If you’ve ever wondered what global warming looks like, a new animation from NASA offers an eye-catching illustration of the effects of the climate change phenomenon.
The graphic shows the movement of Arctic sea ice, the large mass of frozen water on the Arctic Ocean, in a time-lapse spanning three decades.
As Arctic sea ice shrinks and as it loses mass, it becomes more at risk from warming waters and the atmosphere.
“What we’ve seen over the years is that the older ice is disappearing,” said Walt Meier, sea ice researcher at NASA’s Goddard Space Flight Centre.
“This older, thicker ice is like the bulwark of sea ice: a warm summer will melt all the young, thin ice away but it can’t completely get rid of the older ice,” Mr Meier said. “But this older ice is becoming weaker because there’s less of it and the remaining old ice is more broken up and thinner, so that bulwark is not as good as it used to be.”
Watch the time-lapse graphic:
Younger sea ice, or first-year ice, is shown in a dark shade of blue while the ice that is four years old or older is shown as white.
The graphic was created by NASA’s Scientific Visualisation Studio to offer an impression of how much the Arctic sea ice has reduced since 1984.
NASA says that in September 1984 there was 1.8 million square kilometres of ice that was at least five years old at its lowest annual amount. By September 2016, there was just 110,000 square kilometres left.
The time-lapse animation also shows how the mass of ice moves around throughout the seasons and years. While the surface area of the sea ice has been shrinking, the older ice is also being reduced, making the entire ice block less sturdy due to the younger ice’s thinness.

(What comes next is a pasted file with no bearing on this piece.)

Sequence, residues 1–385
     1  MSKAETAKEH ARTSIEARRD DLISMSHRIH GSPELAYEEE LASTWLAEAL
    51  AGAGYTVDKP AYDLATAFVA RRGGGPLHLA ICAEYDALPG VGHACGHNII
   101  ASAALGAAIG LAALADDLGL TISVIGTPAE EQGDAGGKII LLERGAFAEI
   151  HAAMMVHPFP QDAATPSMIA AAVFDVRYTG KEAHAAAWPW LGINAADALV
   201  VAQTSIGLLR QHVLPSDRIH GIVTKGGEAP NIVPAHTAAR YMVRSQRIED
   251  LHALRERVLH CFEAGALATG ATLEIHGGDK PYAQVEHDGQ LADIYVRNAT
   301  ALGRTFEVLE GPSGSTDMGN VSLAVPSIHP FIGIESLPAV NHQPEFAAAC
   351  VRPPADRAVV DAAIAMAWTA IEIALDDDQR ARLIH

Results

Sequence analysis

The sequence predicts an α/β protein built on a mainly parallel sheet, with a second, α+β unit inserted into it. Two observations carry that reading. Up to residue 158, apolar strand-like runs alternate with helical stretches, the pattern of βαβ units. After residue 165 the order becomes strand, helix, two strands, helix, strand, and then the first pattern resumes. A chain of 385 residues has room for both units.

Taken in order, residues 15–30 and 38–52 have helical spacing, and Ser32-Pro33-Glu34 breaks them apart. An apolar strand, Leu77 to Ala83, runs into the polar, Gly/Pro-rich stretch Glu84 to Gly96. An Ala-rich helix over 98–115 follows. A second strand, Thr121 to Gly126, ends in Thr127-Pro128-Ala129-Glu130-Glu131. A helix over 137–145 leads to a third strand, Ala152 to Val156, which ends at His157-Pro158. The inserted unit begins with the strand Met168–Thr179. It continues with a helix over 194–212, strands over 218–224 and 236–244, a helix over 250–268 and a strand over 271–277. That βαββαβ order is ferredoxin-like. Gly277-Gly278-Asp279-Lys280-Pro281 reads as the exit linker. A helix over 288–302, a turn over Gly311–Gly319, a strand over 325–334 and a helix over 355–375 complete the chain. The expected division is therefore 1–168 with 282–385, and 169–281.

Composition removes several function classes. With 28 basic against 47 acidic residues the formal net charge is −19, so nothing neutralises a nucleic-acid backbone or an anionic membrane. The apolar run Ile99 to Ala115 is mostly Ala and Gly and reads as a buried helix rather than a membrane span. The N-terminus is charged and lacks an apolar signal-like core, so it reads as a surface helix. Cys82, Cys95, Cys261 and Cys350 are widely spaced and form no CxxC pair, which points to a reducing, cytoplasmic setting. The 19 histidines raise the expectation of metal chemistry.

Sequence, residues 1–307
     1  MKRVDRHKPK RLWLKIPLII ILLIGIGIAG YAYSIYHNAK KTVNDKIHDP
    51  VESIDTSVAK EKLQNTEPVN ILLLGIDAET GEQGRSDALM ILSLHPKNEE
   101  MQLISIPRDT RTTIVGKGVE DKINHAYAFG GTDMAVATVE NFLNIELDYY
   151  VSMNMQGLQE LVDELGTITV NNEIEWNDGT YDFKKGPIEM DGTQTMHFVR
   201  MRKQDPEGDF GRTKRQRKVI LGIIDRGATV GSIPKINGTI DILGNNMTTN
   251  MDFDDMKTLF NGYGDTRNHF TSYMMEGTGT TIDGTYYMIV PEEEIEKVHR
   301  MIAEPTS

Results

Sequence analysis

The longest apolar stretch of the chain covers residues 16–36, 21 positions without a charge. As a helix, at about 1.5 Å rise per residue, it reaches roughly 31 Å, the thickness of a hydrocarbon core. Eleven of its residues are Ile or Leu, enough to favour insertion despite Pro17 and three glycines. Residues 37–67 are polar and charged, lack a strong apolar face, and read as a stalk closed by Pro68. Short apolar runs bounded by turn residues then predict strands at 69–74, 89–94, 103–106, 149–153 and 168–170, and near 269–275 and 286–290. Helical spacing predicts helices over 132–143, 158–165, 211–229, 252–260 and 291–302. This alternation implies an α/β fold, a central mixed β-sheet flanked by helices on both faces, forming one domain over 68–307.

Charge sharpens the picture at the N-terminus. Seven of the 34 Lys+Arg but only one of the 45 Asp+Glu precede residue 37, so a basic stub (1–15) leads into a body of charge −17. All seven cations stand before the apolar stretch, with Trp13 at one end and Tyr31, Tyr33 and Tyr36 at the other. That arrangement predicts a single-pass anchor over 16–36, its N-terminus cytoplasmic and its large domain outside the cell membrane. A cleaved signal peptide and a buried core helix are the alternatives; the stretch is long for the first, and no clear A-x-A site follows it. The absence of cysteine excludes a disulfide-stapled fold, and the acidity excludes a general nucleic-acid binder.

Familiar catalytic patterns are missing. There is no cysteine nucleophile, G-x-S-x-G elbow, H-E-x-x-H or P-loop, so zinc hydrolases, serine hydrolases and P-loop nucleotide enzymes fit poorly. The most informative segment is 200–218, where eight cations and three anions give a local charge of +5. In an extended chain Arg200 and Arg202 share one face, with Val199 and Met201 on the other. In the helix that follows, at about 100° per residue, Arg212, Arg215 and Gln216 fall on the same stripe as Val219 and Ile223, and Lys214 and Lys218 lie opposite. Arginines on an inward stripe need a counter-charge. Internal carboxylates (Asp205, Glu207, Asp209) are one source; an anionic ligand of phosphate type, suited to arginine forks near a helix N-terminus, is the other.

In the video, the younger ice is shown a darker shade, while the older ice is white.
“Ice age is a good analog for ice thickness because basically, as ice gets older it gets thicker,” Mr Meier said. “This is due to the ice generally growing more in the winter than it melts in the summer.”
Scientists at the University of Colorado devised a method of monitoring Arctic sea ice movement and age by using satellite passive microwave instruments, weather and data from buoys.
What about the polar bears?
A University of Washington study released in September found that polar bears are among the animals most affected by the seasonal and year-to-year decline in Arctic sea because they rely on sea ice for essential activities such as hunting, traveling and breeding.
The study, funded by NASA and using satellite data from NASA and other agencies, found a trend toward earlier sea ice melt in the spring and later ice growth in the autumn across all 19 polar bear subpopulations, “which can negatively impact the feeding and breeding capabilities of the bears”.
Nineteen separate polar bear subpopulations live throughout the Arctic, spending their winters and springs roaming on sea ice and hunting.
The bears have evolved mainly to eat seals, which provide necessary fats and nutrients in the Arctic environment.
Polar bears can’t outswim their prey, so instead they perch on the ice as a platform and ambush seals at breathing holes or break through the ice to access their dens.
“Sea ice really is their platform for life,” said co-author Kristin Laidre, a researcher at the UW’s Polar Science Center. “They are capable of existing on land for part of the year, but the sea ice is where they obtain their main prey.”